On the surface, the crisis seems to have stemmed from the contesting claims over maritime zone boundaries and distribution of potential resources in the Eastern Mediterranean

As a result of the disputes over maritime borders, the Eastern Mediterranean is facing one of the most intense crises the region has ever witnessed. The crisis escalated to a point where the three North Atlantic Treaty Organization (NATO) allies –Greece, Turkey, and France– came to the brink of military confrontation soon after Turkey sent its Oruç Reis survey vessel to the Eastern Mediterranean waters, a move called illegal by Greece.6 France sent its fighter jets and a naval frigate to increase its military presence siding with Greece in its standoff with Turkey.

From the European standpoint, Turkey’s “unilateral” exploration activities in contested waters are “illegal” and breach the sovereignty of the GASC by extending its exclusive economic zones (EEZs).7 On the other hand, Turkey claims that Greece and the GASC took unilateral steps with regards to the Eastern Mediterranean issue and the GASC shouldn’t have the right to auction its surrounding seabed to international energy companies as Turkish Cypriots should be entitled to an equal share of any finds in these waters.8 Turkey also argues that the proximity of Greek islands to the Turkish coastline necessitates their: that they are being granted limited EEZs.

As Turkey extended its gas exploration mission and sent new navy drills to the region, the EU repeatedly called Ankara to halt its exploration activities off Cyprus and deescalate the crisis. To defuse the ongoing tension, Germany opted to take a constructive approach and mediated talks between Greece and Turkey. As a good-will gesture, in late July, Turkey suspended oil drilling in the Mediterranean to maintain negotiations with Greece.9 Yet, tensions re-escalated when Greece signed a maritime border deal with Egypt in August.

On the surface, the crisis seems to have stemmed from the contesting claims over maritime zone boundaries and distribution of potential resources in the Eastern Mediterranean. However, the political disputes surrounding the drilling operations of Turkey, Greece, and the GASC and the engagement of third parties manifest that the crisis is not a simple rivalry over energy resources and there are far-reaching implications of the crisis; be it legal, economic, and political. This article first investigates the legal dimensions of the Eastern Mediterranean crisis by referring to maritime border disputes between Greece, Turkey, and the GASC with reference to international law and the case law. Second, it highlights the political dimension of the crisis and seeks to answer why the Eastern Mediterranean has turned into a political playground that goes beyond the borders of the Mediterranean and has drawn in several actors aligning themselves with one of the parties.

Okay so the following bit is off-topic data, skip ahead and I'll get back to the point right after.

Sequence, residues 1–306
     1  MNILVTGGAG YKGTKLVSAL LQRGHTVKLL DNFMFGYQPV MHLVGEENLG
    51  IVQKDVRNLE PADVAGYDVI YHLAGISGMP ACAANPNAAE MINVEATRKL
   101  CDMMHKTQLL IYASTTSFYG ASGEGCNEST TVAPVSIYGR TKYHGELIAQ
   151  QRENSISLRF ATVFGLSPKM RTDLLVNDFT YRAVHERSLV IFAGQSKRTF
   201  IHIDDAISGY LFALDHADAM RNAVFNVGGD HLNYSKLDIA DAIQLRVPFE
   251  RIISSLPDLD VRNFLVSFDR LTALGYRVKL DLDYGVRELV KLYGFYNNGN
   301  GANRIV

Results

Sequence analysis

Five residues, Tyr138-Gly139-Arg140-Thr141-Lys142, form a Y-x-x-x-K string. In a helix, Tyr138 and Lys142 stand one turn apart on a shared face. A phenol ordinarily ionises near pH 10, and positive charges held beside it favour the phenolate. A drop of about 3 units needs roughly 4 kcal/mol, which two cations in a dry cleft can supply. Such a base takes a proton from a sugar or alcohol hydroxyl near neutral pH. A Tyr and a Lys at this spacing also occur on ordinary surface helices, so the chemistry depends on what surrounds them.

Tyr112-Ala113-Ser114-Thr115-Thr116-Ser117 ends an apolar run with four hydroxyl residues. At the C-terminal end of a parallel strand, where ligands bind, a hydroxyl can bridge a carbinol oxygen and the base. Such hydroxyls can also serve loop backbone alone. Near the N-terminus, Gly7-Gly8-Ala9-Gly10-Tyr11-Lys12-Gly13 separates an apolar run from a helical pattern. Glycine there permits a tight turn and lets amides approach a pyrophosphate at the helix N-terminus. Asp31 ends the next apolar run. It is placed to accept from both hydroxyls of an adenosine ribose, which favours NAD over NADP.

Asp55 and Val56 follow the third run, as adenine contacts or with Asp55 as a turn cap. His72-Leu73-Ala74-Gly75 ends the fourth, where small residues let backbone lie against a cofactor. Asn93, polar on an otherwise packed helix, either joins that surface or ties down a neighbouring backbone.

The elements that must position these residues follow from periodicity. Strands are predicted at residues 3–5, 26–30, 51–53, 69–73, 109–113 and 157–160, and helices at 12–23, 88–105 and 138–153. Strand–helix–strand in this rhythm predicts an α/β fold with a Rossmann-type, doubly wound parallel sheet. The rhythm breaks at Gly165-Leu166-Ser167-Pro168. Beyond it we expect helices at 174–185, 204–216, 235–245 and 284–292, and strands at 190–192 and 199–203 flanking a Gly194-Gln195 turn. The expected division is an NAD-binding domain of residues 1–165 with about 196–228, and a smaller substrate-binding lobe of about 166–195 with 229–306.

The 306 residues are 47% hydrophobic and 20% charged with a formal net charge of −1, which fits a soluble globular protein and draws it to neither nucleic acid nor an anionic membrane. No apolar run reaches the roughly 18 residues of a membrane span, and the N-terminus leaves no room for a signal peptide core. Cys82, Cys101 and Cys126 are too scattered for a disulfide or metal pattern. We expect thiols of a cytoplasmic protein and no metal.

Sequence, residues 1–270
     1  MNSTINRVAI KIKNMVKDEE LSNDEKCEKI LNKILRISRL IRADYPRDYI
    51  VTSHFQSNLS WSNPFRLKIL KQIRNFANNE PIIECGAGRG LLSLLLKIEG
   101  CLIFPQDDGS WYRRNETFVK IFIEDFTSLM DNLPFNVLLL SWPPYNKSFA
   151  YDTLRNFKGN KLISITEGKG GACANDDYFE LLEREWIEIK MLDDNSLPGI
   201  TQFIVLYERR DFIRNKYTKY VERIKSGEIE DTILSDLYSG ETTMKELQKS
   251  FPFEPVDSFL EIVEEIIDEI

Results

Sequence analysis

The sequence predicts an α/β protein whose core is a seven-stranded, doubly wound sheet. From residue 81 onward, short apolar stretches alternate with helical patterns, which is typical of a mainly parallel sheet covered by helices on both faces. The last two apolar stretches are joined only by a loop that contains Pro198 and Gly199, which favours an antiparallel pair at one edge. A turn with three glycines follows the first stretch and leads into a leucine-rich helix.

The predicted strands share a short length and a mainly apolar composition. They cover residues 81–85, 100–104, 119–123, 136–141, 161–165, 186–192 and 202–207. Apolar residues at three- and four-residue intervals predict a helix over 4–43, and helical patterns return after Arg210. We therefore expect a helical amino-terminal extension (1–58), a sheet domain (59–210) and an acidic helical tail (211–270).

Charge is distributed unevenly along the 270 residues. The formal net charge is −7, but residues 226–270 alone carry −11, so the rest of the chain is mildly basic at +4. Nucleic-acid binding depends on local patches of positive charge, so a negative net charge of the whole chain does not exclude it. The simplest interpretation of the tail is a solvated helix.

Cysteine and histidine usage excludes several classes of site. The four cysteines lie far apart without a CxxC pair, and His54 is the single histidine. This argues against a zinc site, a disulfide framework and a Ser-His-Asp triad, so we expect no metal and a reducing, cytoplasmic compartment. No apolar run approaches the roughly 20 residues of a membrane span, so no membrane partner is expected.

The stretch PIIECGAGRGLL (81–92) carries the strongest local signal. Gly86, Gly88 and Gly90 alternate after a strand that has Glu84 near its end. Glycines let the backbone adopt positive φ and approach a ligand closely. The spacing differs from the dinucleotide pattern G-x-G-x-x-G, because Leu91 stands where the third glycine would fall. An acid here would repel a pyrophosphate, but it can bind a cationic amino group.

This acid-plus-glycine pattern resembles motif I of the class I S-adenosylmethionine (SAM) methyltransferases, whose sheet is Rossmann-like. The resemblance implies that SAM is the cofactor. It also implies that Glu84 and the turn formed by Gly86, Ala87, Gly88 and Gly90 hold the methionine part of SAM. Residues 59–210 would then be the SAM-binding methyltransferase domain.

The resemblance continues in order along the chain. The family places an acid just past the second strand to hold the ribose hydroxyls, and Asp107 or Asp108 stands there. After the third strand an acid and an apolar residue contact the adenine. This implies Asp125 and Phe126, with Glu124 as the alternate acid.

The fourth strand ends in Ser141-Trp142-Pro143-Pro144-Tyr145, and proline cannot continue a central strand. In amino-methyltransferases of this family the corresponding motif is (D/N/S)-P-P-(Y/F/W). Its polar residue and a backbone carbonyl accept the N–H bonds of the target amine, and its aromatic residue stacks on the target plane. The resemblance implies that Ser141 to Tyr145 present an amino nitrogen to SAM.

Legal Dimensions of the Eastern Mediterranean Crisis


There are two legal areas of dispute with regards to the conflicting claims in the delimitation of maritime zones in the Eastern Mediterranean: (i) the maritime dispute between Turkey and Greece, (ii) the Cyprus issue and the status of the island. The former one concerns the conflicting claims of both sides on the entitlement of islands to maritime zones while delimiting maritime borders and the geographical circumstances of the Eastern Mediterranean Sea which further complicates the border limitation issue. The latter is a result of the Cyprus issue that has remained unresolved until now and the Turkish position that asserts Turkish Cypriots should have equal rights over potential hydrocarbon finds. Other states such as Libya, Egypt, France, and United Arab Emirates are rallying around them according to their political interests, ideological considerations, and relations with the respective governments.


Turkish-Greek Maritime Dispute in the Eastern Mediterranean

According to the international law of the sea, the 1982 UN Conventions on the Law of the Sea (UNCLOS), the 1958 Convention on the Continental Shelf, International Customary Law (ICL), and bilateral and multilateral international treaties are the main sources that are referred to while delineating maritime borders.10 The UNCLOS is regarded as customary law with binding effects on all states due to its widespread acceptance by the international community.